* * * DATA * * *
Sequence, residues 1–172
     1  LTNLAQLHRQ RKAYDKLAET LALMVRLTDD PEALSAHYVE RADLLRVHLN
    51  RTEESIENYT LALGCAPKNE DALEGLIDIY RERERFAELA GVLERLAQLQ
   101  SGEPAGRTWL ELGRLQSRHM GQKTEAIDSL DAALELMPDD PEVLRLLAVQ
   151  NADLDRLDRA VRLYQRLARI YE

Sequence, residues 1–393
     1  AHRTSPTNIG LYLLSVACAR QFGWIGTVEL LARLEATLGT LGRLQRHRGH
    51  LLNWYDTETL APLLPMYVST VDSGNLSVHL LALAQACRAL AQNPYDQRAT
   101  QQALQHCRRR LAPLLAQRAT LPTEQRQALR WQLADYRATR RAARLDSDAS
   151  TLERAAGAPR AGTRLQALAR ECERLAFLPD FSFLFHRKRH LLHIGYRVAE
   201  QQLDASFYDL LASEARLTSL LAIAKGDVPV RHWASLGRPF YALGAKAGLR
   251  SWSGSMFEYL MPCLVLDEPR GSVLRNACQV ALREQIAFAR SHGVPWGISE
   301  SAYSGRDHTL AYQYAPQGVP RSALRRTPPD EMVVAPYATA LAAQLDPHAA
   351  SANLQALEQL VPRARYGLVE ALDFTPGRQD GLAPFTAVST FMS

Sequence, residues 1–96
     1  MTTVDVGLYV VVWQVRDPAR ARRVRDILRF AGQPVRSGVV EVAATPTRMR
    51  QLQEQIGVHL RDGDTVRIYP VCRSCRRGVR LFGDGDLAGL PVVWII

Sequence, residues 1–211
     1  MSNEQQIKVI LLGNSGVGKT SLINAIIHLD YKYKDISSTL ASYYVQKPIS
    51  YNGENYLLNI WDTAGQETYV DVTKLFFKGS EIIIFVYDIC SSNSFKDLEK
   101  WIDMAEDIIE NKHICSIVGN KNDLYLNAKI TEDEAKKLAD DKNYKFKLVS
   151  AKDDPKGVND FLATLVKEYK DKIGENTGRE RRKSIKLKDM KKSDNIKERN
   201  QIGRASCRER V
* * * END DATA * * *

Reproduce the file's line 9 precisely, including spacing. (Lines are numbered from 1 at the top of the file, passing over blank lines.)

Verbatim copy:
   101  QQALQHCRRR LAPLLAQRAT LPTEQRQALR WQLADYRATR RAARLDSDAS